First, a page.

@Sandra ....I mean if someone wanted to run a game of Transhuman Space or Discworld i might* be interested.

*i would be


The first GURPS book I ever got was GURPS Discworld, the first edition, the one with GURPS Lite in the back that said it was a complete game (it wasn’t—it didn’t work w/o the full game).

The first crack in the GURPS fandom armor for me then was reading a GURPS Discword adventure in Pyramid or wherever and seeing that it double statted for WaRP. Which just looked like a way better game.

@Sandra @Capheind GURPS has flaws, but the biggest isn't so much the game, it's that everything is front loaded. You have to understand the entire, large game in order to start the game (well).

I like to use Fate as being somewhere on the opposite end of the spectrum. You start with minimal understanding and... discover that there's no game to discover, you have to build it yourself.

I think ideal games would be somewhere in the middle.

@jens @Capheind

I really, really want to get back into Fate now that Fate Condensed is out. I want a fresh canvas for my house rules and hacks now that I’ve taken my souped up version of D&D so far (#2097e). Not saying Fate is good out of the box but it’s really the game I wanna start working on.

But looks like next campaign is gonna be based on BitD. Maybe. If I can get my proverbial in gear and start working on that.

@Sandra @Capheind can't really argue with that. It just turns out that whenever I start on a game engine, I end up in GURPSish areas. I mean, not exactly, but close enough.

@jens @Capheind

The basic BRP/GURPS/Fudge abilities+skills+advantages engine is what I grew up with but that I really soured on over the years, because it uses the same mechanic for things that really should be different.

Talking, interacting, looking at things, opening chests, exploring, resource management and logistics… that shouldn’t be skill roll based. Dice can be involved but the dice should be on the side of the “world” not the char—i.e. “OK, that’s gonna take half an hour”→which has impact on random encounters etc.

@Sandra @Capheind I get that point, but I also disagree somewhat.

It's the same logic as D&D's combat rolls: it's not that you *swing wild* on a missed roll, it's that your thrust and parry with the opponent didn't land a solid enough blow to matter (unlike GURPS attacks).

Similarly, the skill in searching a chest isn't that someone can't do it, it's that they may not find something that's there.

But yes, GURPS is inconsistent here - like most systems.

@Sandra @Capheind but of course your view isn't wrong because of what I just wrote. I just think a bit of skill is realistic here.

So, let me ramble on in two directions here...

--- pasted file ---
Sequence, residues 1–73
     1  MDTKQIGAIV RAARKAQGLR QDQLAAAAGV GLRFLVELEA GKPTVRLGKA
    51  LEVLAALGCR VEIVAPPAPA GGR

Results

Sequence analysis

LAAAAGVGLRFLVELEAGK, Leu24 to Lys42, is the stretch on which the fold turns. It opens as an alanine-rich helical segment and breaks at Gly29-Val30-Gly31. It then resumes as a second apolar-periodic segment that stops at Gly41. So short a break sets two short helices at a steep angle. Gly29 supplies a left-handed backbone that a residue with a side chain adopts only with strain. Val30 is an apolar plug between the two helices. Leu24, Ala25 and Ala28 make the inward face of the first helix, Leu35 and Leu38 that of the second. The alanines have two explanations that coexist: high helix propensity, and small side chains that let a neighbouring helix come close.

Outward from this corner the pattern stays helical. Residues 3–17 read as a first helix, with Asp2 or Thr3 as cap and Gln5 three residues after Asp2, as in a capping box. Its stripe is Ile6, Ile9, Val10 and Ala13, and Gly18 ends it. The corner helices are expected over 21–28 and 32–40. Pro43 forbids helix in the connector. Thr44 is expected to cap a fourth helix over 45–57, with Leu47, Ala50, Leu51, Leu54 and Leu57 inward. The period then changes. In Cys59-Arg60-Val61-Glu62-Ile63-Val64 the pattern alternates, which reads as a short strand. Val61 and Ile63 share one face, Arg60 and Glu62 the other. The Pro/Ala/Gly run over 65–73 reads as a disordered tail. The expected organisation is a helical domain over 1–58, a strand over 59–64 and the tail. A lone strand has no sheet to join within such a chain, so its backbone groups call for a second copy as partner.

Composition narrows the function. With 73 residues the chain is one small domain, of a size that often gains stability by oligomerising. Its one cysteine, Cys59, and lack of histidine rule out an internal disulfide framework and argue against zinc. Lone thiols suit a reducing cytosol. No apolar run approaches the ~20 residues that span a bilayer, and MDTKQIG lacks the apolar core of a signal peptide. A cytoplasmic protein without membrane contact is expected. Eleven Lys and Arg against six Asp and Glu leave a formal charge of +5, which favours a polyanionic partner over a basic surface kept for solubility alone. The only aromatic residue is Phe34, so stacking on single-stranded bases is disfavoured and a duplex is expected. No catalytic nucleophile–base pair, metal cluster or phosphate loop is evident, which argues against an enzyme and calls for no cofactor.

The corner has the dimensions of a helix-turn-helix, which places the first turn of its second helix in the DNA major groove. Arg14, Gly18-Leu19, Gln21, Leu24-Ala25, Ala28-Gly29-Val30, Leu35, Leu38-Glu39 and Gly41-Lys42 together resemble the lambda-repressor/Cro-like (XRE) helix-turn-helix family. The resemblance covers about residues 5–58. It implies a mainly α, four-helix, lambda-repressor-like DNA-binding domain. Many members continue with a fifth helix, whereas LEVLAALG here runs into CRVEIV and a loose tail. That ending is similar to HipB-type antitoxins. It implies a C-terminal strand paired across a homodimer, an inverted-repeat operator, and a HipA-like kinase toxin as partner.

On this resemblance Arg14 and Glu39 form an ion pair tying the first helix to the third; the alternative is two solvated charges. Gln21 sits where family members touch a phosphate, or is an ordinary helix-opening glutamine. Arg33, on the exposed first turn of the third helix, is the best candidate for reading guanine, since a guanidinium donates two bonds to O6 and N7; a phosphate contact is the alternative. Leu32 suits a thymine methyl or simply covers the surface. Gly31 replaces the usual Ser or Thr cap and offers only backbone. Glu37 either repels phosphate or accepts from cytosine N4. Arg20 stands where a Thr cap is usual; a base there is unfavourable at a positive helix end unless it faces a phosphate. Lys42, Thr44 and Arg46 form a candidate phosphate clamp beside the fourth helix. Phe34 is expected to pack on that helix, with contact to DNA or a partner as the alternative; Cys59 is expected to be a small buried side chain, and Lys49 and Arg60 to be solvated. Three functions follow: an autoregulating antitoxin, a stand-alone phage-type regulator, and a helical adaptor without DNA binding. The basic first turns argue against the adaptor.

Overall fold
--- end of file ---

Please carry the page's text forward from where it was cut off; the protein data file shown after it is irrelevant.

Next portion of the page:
@Sandra @Capheind ... the first is really a question of the guiding dimension you're currently on.

Ok, so assume games are multidimensional things. In order to keep any kind of order to the actions of the players, you have to pick a dimension that is guiding all the others. In combat, that is usually time.

Varying movement speeds between characters is another way of saying that the space dimension is subordinate to time.

@Sandra @Capheind that is, you don't change the time intervals (rounds), but you adjust how far a character can move in that fixed time slot. Same with the limit on actions.

Because combat needs to be tightly synchronised, that's a good choice here.

But that doesn't mean that it's a good choice when synchronisation is not so necessary. As you say, searching is going to be successful eventually, so really you should determine how long it takes.

@Sandra @Capheind GURPSes ability focus basically never loses that time dimension as being guiding, which translates into degrees of success rather than amount of time as a result. It's perfectly appropriate for in-combat searches!

Other systems are more explicit in saying rolls are only necessary in tense situations, which is another way of saying that events need to be synchronised at the moment.

I think it would be more meaningful to have a degree of...

@Sandra @Capheind ... outcome and apply it either to degrees of success when time is a fixed amount, or degree of time spent when time constraints are more fluid.

But that doesn't really change anything about the abilities being the basis of the roll.

This is interesting stuff—maybe I quote it on the blog?

@jens @Capheind

I do use a time-based data-structure for searching, the ten minute exploration turn from older editions of D&D (including B/X):


But which of the walls is trapped, or which of the chests hold the key, or w/e is determined world-side not char-side.

Clinton’s classic experiment “Donjon” shows what happens when the world is all generated from char-side stats. Basically it’s a return to the old no-myth vs blorb discussions on Forge and S-G—char-side originated world-building makes a precommitted explorable world more difficult to prep and execute; the benefit is that you need less prep because so much of the world building is generated by the characters.

For example D&D 4e or PF2e (if you aren’t using the bounded accuracy mod in the Gamemastery Guide) where you can improvise a heist or whatever because, since the world scales so strictly with the characters that the opposition is essentially given. You meet a barkeep or a goblin or a minotaur or whatever? Gonna be matched to your level. That’s an example of char-side originated world building right there. Quite unblorby. In #blorb, the world and its entities are first class data-structures.


@Sandra @Capheind yes you may.

And no, you're right, not everything is char side - I may have misunderstood what precisely you were bothered with. Your three tiers of truth are a very good point for where to strike that balance.

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